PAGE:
I always have to remind myself and my teams that the pace of innovation adoption is never as fast as we anticipate.In 1943, sociologists Bryce Ryan and Neal Gross published a study on the way Iowa farmers adopted a new, more productive hybrid corn. In their study, which is one the of most insightful studies of innovation adoption, Ryan and Gross found that most farmers didn’t investigate the corn as soon as they heard about it, even though information indicated that it increased yields by 20 percent. They waited until other farmers had success with the hybrid corn and then followed their example. This approach suggests that information cascading (growing herd mentality) was at work. But in fact, even after witnessing the success of their neighbors, the farmers did not seed their entire fields with the hybrid corn. Instead, they set aside a small part of a field and tested the corn themselves. Only after they were personally satisfied with the new corn, did they start growing it exclusively. It wasn’t a rash decision-making process. It took nine years from the time the first farmer planted his field with the new corn before half of the other farmers in the region were using it. Nine years!!Why does it take so long for customers to recognize the benefits of something new? Are there ways to speed it up?There have been many books, articles and training materials on the adoption process. There have been new terms invented such as “crossing the chasm” or “surviving the tornado”. What I have found is that there is no substitute to really knowing your customer.When is the last time you went home with a customer to see how they really use your product or service?When is the last time you were in the field selling your product (or service) to a customer? What were the concerns they raised about buying “something new”?If you want to speed up adoption of something truly new, spend more time with your customers and less time in the office. Be a part of the information cascade.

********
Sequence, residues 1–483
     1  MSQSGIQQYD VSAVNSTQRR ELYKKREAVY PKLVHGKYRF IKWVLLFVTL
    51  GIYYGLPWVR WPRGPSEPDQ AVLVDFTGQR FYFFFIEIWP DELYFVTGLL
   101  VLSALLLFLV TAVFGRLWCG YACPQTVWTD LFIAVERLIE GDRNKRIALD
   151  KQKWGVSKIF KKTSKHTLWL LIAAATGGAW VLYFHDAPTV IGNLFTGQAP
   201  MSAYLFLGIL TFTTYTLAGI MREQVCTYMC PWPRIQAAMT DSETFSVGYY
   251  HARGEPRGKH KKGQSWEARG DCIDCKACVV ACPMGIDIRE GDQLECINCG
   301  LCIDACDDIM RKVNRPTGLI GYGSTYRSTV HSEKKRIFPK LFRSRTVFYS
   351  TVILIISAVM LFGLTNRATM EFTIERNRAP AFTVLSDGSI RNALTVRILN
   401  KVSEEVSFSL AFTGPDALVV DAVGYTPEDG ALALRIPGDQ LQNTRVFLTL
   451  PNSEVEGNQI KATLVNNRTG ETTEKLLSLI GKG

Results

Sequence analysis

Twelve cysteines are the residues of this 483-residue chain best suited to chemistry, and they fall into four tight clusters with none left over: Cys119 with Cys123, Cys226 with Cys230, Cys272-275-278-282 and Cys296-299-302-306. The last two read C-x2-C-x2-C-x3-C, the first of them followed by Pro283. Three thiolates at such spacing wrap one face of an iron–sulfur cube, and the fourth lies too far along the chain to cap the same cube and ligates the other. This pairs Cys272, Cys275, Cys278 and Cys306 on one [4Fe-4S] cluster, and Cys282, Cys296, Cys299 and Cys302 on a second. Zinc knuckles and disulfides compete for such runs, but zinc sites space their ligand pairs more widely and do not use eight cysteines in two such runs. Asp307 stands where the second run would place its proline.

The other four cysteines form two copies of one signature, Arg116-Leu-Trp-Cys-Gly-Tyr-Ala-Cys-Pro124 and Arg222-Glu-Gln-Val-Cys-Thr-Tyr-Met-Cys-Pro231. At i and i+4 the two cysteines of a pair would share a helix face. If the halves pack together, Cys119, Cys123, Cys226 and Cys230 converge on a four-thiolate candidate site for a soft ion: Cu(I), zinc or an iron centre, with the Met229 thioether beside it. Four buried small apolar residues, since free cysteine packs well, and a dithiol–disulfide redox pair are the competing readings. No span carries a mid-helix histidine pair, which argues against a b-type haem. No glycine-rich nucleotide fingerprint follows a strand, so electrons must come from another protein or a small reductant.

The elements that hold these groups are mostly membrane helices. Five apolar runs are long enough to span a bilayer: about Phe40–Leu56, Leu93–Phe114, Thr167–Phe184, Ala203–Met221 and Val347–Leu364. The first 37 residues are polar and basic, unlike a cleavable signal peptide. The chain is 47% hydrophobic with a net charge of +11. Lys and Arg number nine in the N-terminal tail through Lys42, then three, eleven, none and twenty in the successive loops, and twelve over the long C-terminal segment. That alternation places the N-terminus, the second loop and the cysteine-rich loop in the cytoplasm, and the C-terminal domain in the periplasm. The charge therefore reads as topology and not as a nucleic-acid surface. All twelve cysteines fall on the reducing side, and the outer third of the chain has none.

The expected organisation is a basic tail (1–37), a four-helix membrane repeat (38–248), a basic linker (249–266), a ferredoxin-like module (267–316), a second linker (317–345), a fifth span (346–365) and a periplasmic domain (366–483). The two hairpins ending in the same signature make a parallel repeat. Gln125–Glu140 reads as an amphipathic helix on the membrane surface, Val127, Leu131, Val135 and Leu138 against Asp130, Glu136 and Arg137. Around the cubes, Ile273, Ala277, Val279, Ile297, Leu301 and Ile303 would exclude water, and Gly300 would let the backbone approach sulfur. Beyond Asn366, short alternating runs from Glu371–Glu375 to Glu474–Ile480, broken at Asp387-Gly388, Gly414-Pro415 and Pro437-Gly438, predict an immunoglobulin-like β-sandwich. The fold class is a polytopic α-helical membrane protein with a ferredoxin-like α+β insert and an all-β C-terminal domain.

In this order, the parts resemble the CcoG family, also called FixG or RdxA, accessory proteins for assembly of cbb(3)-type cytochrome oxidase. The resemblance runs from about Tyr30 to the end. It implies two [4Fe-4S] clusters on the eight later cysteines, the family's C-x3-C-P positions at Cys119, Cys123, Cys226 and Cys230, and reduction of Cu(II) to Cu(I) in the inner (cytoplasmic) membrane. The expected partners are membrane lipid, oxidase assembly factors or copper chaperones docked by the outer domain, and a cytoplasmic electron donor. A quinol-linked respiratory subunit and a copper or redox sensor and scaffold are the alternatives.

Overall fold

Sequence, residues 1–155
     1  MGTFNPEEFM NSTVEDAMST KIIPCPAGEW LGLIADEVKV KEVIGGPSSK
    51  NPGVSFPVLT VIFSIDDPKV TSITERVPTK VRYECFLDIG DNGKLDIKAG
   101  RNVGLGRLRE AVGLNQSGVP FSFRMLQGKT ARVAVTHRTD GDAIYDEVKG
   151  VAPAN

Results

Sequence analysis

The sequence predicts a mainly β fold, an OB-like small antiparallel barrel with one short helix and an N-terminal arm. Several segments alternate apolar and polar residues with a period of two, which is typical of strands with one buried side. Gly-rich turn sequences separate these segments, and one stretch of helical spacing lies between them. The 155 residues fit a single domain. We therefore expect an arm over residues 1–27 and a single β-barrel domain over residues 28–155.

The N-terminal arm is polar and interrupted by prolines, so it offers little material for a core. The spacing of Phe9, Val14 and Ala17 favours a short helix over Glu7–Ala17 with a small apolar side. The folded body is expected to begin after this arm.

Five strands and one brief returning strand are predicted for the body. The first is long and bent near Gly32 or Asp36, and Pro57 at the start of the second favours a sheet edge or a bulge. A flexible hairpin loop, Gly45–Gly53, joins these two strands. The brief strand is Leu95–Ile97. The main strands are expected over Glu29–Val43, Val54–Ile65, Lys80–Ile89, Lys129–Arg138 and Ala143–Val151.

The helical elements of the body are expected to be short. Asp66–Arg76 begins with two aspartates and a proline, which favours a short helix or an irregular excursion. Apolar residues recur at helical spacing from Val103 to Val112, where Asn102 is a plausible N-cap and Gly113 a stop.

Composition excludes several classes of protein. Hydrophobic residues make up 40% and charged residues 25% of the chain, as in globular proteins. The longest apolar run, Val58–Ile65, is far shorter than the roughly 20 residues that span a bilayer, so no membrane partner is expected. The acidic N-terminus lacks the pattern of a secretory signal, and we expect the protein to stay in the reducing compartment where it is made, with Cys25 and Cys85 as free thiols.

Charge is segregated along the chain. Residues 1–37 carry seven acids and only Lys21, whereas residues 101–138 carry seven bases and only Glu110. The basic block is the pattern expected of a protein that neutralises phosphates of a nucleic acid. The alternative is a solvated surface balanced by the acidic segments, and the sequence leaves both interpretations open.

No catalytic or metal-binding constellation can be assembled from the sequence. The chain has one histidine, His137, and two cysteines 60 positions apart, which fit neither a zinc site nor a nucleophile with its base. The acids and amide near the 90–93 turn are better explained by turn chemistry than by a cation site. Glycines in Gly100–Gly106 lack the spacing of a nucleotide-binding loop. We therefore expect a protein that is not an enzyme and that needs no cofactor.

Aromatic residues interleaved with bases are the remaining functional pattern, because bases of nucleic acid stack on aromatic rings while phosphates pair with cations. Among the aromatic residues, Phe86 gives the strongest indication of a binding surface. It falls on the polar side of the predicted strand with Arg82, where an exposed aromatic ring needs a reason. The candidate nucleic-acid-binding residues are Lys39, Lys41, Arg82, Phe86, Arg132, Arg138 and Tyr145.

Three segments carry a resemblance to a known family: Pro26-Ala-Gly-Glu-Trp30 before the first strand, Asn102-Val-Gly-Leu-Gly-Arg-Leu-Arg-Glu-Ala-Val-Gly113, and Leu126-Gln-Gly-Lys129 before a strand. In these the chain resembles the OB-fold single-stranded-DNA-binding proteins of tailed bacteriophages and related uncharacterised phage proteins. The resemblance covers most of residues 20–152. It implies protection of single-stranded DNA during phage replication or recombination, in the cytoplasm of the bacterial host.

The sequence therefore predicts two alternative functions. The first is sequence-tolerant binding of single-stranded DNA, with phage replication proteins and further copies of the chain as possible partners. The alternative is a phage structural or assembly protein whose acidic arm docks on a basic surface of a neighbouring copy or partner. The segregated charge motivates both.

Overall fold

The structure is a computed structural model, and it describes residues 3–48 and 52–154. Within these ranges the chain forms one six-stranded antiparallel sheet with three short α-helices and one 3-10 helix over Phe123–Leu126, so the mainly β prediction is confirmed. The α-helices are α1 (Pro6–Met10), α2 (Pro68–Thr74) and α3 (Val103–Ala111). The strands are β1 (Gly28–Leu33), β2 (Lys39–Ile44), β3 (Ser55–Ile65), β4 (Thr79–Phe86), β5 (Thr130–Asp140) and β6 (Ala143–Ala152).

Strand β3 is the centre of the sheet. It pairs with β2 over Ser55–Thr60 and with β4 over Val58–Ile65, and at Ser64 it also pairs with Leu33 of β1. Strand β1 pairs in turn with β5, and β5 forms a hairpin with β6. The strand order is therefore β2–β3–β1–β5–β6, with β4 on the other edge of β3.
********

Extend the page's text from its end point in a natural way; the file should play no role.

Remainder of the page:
Flikr photo from Jacob
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